Because the life cycles of two important pests, Asian citrus psyllid and citrus leaf miner, are closely linked to the emergence of new flush. Growers could benefit from spraying only when there is new flush. But if the late flush is spread out over a month or even more, then what’s a body to do?
There may be ways we can manipulate the timing of flush directly. But to do that we need to understand how the plant regulates its own growth patterns.
Citrus trees have a different growth cycle than most common fruits. Like many fruits, they flower in the spring and then fruit develops over the next several months. Deciduous plants add vegetative growth (leaves and shoots) during a solid, extended period of the year. Citrus plants grow in several cycles of vegetative flushes over the year. The number and the size of these flushes depends on the environment. In Florida there are 2-3 vegetative flushes per year. Usually this begins with a flush in May, with later flushes in July and September or October. These flushes become less coordinated from plant to plant in a grove as the year waxes on, with May flush being relatively concentrated and the late flush being very sporadic.
Citrus plants’ “distribution of wealth”
The plant has to balance the needs of the leaves for water and nutrients with the needs of fruits and roots for sugars. This gets even more complicated when the plant has to send sugars to a new shoot to new flushes that will need to grow more than 1 cm in a day. So the plant needs to to start flushing at just the right time so that its fruits and roots don’t starve. It also needs to not start a new flush when the old one is not yet mature. What researchers in the 1990s observed is that root growth stops when shoots are growing.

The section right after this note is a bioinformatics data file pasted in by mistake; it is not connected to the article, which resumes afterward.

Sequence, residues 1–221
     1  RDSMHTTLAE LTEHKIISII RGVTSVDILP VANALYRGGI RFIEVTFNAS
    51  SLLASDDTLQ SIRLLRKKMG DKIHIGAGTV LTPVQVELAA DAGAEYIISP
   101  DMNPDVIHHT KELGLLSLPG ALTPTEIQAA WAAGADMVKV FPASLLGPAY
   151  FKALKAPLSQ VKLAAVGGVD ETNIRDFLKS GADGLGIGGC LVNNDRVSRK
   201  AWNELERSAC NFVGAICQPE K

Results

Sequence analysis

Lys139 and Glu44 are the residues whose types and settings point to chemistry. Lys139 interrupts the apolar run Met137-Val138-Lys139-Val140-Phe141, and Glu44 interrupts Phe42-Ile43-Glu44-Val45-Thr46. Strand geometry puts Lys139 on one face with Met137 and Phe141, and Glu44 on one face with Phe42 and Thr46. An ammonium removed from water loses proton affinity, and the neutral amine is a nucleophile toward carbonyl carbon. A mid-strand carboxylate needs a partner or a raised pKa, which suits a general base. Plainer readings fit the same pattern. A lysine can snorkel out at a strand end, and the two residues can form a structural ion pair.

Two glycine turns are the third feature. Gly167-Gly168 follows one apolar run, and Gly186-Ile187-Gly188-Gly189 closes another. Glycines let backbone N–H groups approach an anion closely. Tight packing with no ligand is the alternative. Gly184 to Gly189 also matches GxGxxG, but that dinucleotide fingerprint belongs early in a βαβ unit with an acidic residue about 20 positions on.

How do they do it?
We humans have the benefit of brains that coordinate all the different ends of our body, so that our heart beast the right amount for our feet to be able to run. Plants don’t have benefit of brains, so they rely on chemical signals. These signals can be molecules that move from roots to leaves or that accumulate in one part of the plant when the other part stops using that compound. Most of these signals are called phytohormones, because their effects are very large compared their very small concentrations. Growing shoots send out signals called auxins that keep other buds from growing so that there aren’t too many flushes. Meanwhile, gibberelic acid and cytokinins coordinate between roots and shoots. Not all of these dynamics have been completely explained in the case of citrus flush phenology, but we are gaining ground!
Why does it matter?
Knowing the “code” the roots, leaves, and shoots use to communicate, allows us to grab the microphone and give a few orders. Thus it may be possible to manage the flush timing, to decrease its sporadic nature and improve the efficacy of our pest management, ultimately getting healthier plants with greater yields.